National Poetry Competition
First Prize, Linda France

'Bernard and Cerinthe' Filmpoem by Alastair Cook
Commissioned by Filmpoem and the Felix Poetry Festival in association with the Poetry Society

Linda France
Bernard and Cerinthe

If a flower is always a velvet curtain
onto some peepshow he never opens,
 
it’s a shock to find himself, sheltering
from the storm in a greenhouse,
 
seduced by a leaf blushing blue
at the tips, begging to be stroked.
 
He’s caught in the unfamiliar ruffle
of knickerbockers or petticoat, a scent
 
of terror, vanilla musk. If he were
not himself, he’d let his trembling lips
 
articulate the malleability of wax;
the bruise of bracts, petals, purple
 
shrimps; seeds plump as buttocks,
tucked out of harm’s way, cocos-de-mer
 
washed up off Curieuse or Silhouette.
But being Bernard, he’s dumbstruck,
 
a buffoon in front of a saloon honey
high-kicking the can-can. Can’t-can’t.
 
He attempts to cool himself, thinking
about seahorses, Hippocampus erectus,
 
listening to the rain refusing to stop,
soft against the steamed-up glass.
 

On what inspired the poem, Linda said: ‘I remember very particularly the day I wrote this poem, actually. I went to visit a friend of mine who has the most beautiful garden. It was the end of August and there was a plant I'd never seen before: Cerinthe major 'Purpurascens', and I was just astonished by it. It's a very intense blue and the leaves are a silvery green... they're quite thick, almost waxy, fleshy. That's one of the things I'm drawn to about plants, they express this tremendous “Otherness”, but they just stay there and let you respond to them, unlike a bird or animal that disappears. A plant remains for you to give your attention to. I love that. I got absorbed in this flower and my sense was that it was very sexy, as many of them are. Cerinthe conceals and reveals at the same time, it has a flirtatiousness about it that's very seductive. I don't know how Bernard came into the story, but faced with this out-and-out flirt of a plant, he doesn't know what to do. So that's how it happened, really. Obviously it didn't all come fully formed, but it arose from looking at the flower.‘ You can listen to a podcast of Linda talking about poetry, and winning the competition, on our website.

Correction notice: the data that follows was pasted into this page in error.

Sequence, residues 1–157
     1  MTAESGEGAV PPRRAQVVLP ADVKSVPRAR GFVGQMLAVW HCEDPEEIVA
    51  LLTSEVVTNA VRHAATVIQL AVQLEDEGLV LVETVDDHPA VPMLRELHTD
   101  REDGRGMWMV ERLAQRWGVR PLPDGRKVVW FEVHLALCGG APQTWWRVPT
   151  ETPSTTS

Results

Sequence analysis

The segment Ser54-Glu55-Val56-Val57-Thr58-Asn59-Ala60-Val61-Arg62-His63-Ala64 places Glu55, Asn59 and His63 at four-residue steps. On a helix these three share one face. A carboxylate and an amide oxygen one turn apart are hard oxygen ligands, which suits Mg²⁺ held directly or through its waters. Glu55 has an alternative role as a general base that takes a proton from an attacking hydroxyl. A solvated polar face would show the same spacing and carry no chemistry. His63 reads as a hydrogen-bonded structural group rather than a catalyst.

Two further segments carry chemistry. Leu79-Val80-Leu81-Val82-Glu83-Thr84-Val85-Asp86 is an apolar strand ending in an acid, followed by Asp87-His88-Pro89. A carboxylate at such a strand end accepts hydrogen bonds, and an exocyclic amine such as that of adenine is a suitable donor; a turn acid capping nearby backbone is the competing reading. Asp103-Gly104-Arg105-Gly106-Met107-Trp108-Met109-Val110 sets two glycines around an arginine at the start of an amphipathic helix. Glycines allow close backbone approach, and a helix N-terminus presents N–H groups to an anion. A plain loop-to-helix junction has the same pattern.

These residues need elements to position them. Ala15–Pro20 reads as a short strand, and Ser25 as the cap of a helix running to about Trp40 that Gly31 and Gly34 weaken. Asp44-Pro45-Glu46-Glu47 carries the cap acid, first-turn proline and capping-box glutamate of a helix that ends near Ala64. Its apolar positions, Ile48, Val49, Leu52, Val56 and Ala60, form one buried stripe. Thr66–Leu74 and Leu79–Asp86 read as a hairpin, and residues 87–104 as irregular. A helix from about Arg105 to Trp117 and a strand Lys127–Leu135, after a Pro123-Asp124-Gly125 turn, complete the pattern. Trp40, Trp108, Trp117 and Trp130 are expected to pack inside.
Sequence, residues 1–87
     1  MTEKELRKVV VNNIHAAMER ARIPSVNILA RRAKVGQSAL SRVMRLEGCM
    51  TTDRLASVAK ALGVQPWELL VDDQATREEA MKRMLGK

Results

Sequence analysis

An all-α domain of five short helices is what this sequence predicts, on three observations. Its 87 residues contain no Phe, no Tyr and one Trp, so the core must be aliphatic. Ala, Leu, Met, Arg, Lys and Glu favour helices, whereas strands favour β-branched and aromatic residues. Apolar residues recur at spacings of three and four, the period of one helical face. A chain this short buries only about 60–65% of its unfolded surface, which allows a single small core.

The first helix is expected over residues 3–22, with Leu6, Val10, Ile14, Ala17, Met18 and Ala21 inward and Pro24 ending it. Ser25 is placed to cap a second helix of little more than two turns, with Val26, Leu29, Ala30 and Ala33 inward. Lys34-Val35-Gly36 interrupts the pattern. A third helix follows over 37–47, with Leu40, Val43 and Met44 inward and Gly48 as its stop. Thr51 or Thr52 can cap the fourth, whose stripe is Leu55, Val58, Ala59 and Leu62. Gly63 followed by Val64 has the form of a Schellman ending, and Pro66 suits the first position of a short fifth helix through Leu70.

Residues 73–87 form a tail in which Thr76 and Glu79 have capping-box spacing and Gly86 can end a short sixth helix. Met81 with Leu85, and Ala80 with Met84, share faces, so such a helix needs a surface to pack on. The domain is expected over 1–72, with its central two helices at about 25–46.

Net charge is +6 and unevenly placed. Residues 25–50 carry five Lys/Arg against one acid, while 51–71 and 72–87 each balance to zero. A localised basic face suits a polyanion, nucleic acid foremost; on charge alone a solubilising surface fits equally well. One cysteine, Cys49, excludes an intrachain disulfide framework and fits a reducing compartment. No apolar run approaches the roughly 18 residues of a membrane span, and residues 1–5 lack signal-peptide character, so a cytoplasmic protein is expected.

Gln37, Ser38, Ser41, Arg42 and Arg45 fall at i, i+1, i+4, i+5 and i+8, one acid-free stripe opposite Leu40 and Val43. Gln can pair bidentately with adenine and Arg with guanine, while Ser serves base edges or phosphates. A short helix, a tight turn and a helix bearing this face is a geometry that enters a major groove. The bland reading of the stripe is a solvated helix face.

Linda France

Linda France is based close to Hadrian’s Wall, near Hexham in Northumberland. Since 1992 she has published seven poetry collections with Bloodaxe, Smokestack and Arc, including The Gentleness of the Very Tall, The Toast of the Kit-Cat Club, book of days and You are Her. She has worked on numerous collaborations with visual artists and musicians, as well as public art projects. Linda also edited the ground-breaking anthology Sixty Women Poets (Bloodaxe 1993).

 

 

From the judges...

'This strange narrative of a man being seduced by a plant charmed the judges with its vivid imagery and linguistic wit. Its precisely honed couplets move from elegant description (‘the bruise of bracts, petals, purple // shrimps’) to a tragicomic climax, in which our hero finds himself ‘a buffoon in front of a saloon honey / high-kicking the can-can. Can’t-can’t’. Truly imaginative and richly musical, ‘Bernard and Cerinthe’ is as much a pleasure to read on the page as it is on the tongue, and as such was the unanimous choice of the judges for first place in this year’s National Poetry Competition.' Jane Yeh

Read the other poems...

First prize: 'Bernard and Cerinthe' by Linda France
Second prize: 'Among Barmaids' by Paula Bohince
Third prize: 'Love on a Night Like This' by Josephine Abbott

Commended poems:
'Push-bike' by Elaine Gaston
'Hare' by Carolyn Jess-Cooke
'Gift of the Sloth' by Debbie Lim
'Birdfall' by Danica Ognjenovic
'crepuscule with nellie (take six)' by Ken Taylor
'CCTV Central Control' by Tom Warner
'I Stop Wearing the Mini-Skirt, 1972' by Patricia Wooldridge


 

 

 

Email: Robyn Donaldson
Telephone: 020 7420 9880


 

NPC History

 


 

National Poetry Competition

The National Poetry Competition 2014

is open for entries! 

Judges: Roddy Lumsden, Glyn Maxwell and Zoë Skoulding. 

First prize: £5,000